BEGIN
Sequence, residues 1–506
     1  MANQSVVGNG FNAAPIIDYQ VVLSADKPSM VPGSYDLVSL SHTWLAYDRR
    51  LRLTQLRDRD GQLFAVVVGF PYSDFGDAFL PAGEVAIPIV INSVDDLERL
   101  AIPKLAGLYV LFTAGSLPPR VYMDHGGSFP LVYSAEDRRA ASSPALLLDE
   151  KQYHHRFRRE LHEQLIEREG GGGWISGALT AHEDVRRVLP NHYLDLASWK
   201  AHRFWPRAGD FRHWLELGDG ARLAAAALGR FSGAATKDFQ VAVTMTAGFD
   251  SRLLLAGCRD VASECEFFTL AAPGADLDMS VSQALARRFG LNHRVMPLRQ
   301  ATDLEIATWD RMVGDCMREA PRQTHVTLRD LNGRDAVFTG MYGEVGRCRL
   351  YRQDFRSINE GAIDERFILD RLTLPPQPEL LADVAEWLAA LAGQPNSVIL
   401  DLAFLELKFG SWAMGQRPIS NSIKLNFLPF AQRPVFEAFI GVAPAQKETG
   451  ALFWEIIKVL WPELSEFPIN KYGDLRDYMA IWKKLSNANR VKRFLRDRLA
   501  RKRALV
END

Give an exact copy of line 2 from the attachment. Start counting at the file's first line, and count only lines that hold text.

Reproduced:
     1  MANQSVVGNG FNAAPIIDYQ VVLSADKPSM VPGSYDLVSL SHTWLAYDRR